Toyota’s growth continues apace – but why is it so successful? As my talk with Ted Agata on page 20 reveals, Toyota chases customers and markets, not component and labour cost cuts. The way cars are sold in Japan might give some clues as to how this approach pays off: car salesmen call on their customers regularly and establish relationships with them, from their first Corolla through their Camry or Avensis, right up until their Lexus and their children’s Toyota purchases. And all the while, they patiently harvest information about the element that really makes sales – their customer’s needs. This is something that the so-called Big 3 (GM, Ford and Chrysler) have lost sight of and it shows in the figures. While US domestic VMs look over the fence at what their Japanese (and now Korean, Malaysian and Chinese) competitors are doing, the smart movers in the global car market stay close to the people who have the real money – the car buyers.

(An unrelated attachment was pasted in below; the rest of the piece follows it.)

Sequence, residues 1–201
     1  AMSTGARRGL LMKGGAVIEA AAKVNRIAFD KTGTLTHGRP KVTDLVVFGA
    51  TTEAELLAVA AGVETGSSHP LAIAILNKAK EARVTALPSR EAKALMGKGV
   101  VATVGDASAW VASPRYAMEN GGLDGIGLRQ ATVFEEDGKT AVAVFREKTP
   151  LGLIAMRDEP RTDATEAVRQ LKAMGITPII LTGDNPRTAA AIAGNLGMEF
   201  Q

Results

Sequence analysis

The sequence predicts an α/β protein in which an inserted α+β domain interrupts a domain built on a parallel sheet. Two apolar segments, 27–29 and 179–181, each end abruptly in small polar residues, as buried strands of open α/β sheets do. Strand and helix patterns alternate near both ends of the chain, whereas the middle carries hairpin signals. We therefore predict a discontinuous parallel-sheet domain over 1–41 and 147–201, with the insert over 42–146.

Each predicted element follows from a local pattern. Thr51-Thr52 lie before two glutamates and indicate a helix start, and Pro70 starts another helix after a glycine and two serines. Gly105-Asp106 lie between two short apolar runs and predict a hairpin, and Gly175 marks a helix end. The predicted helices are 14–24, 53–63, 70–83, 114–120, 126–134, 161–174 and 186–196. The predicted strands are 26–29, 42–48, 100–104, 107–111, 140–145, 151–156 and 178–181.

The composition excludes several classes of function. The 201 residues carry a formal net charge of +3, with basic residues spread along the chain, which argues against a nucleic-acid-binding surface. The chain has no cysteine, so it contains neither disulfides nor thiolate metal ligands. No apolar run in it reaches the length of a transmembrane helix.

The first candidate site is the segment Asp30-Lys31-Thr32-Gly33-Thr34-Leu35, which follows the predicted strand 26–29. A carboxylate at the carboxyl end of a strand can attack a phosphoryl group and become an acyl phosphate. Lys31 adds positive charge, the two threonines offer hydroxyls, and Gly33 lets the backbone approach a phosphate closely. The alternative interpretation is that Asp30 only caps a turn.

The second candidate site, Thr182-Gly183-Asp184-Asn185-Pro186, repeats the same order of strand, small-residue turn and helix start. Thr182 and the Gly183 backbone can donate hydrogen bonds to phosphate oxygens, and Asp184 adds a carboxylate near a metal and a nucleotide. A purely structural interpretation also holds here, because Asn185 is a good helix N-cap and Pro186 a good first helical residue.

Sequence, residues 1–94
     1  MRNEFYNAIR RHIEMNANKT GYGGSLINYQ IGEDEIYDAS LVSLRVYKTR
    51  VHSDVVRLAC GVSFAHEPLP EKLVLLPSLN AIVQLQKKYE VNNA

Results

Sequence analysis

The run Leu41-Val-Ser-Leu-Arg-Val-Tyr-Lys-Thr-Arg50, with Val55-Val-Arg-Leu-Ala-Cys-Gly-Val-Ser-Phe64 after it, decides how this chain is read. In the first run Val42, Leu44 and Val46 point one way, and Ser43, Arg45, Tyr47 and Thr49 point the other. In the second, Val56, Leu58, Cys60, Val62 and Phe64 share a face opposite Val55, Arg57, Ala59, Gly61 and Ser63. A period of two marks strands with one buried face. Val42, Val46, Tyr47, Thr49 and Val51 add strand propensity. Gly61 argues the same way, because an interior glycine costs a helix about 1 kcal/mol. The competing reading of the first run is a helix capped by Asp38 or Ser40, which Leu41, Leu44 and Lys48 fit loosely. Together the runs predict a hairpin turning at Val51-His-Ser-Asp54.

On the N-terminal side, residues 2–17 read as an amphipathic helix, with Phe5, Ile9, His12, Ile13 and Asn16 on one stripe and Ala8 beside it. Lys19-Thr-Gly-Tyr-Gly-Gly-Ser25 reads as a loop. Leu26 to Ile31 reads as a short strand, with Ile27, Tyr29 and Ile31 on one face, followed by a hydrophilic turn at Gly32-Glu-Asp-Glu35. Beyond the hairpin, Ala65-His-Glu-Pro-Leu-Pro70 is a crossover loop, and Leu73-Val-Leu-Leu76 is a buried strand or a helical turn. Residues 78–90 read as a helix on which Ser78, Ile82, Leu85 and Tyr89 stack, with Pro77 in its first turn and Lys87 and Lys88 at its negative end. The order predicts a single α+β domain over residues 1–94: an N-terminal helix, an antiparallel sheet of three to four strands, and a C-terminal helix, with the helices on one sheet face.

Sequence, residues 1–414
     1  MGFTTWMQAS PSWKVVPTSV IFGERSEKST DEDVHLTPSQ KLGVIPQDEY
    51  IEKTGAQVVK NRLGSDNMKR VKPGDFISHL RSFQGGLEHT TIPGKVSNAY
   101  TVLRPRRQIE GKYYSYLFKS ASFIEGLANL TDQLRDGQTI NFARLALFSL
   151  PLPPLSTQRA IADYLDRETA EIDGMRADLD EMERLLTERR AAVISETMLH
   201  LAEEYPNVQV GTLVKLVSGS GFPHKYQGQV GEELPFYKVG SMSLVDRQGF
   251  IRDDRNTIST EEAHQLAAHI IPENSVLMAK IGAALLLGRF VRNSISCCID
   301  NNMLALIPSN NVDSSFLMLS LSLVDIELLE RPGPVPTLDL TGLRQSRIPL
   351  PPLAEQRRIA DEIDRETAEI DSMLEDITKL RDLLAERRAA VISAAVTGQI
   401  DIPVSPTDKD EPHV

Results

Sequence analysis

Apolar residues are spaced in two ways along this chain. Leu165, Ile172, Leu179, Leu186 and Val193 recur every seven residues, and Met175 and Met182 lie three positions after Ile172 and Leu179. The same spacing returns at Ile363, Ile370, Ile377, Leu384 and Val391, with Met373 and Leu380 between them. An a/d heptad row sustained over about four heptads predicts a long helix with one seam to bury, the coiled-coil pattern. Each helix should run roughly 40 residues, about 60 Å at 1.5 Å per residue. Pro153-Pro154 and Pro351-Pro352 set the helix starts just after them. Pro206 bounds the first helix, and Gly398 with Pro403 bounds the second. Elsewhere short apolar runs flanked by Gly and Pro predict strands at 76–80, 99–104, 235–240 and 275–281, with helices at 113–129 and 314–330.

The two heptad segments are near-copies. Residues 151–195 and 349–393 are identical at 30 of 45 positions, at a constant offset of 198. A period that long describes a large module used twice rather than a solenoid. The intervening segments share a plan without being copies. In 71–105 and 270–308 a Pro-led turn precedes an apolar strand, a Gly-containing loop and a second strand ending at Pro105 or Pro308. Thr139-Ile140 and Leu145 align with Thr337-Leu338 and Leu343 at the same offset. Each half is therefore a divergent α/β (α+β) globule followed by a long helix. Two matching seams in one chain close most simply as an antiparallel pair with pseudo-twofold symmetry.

And the results? Toyota will be the top-selling automaker in China by 2012, said Shen Ningwu, Deputy Secretary General of the China Association of Automobile Manufacturers, at a seminar held in Beijing in November 2006. It still trails Volkswagen at the moment but market forecaster CSM Worldwide predicts that by 2012, the Japanese brand’s sales in China will hit 800,000 units in a market of 7.6 million.
In the US, its sales are expected to overtake DaimlerChrysler, and it could finish very close to Ford’s figures, challenging the constitution of the so-called Big 3. In fact, Toyota’s problems are those that most carmakers would give their right arms to have – lack of capacity, the US market burning up demand – plus Toyota is falling behind in its self-imposed goal of building 60 per cent of its sold vehicles in local factories.
Renault’s Logan was seen by many as THE low-cost car for emerging markets, and since 2004, it has sold more than 330,000. Clever use of platform strategy, brilliant design-for production and an intelligent logistics network should have secured it a secure position as a world-beater. Now Toyota will fight Logan with an inexpensive sedan and a separate low-cost brand for these developing markets. The Japanese automaker will debut its new entry-level vehicle by the end of the decade.
It is time for the rest of the world’s carmakers to take serious note – as Ted Agata says, chase the customer not the costs.